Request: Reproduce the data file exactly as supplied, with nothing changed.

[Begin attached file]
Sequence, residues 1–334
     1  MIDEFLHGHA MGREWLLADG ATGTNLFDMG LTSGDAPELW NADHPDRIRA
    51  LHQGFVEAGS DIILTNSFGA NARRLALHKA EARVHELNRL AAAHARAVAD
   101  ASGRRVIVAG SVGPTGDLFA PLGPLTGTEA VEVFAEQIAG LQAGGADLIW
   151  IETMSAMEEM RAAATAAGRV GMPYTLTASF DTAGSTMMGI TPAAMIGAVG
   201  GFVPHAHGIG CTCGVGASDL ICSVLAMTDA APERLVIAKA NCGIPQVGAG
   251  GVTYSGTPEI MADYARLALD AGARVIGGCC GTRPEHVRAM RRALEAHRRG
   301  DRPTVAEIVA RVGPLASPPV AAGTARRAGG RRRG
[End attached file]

Sequence, residues 1–334
     1  MIDEFLHGHA MGREWLLADG ATGTNLFDMG LTSGDAPELW NADHPDRIRA
    51  LHQGFVEAGS DIILTNSFGA NARRLALHKA EARVHELNRL AAAHARAVAD
   101  ASGRRVIVAG SVGPTGDLFA PLGPLTGTEA VEVFAEQIAG LQAGGADLIW
   151  IETMSAMEEM RAAATAAGRV GMPYTLTASF DTAGSTMMGI TPAAMIGAVG
   201  GFVPHAHGIG CTCGVGASDL ICSVLAMTDA APERLVIAKA NCGIPQVGAG
   251  GVTYSGTPEI MADYARLALD AGARVIGGCC GTRPEHVRAM RRALEAHRRG
   301  DRPTVAEIVA RVGPLASPPV AAGTARRAGG RRRG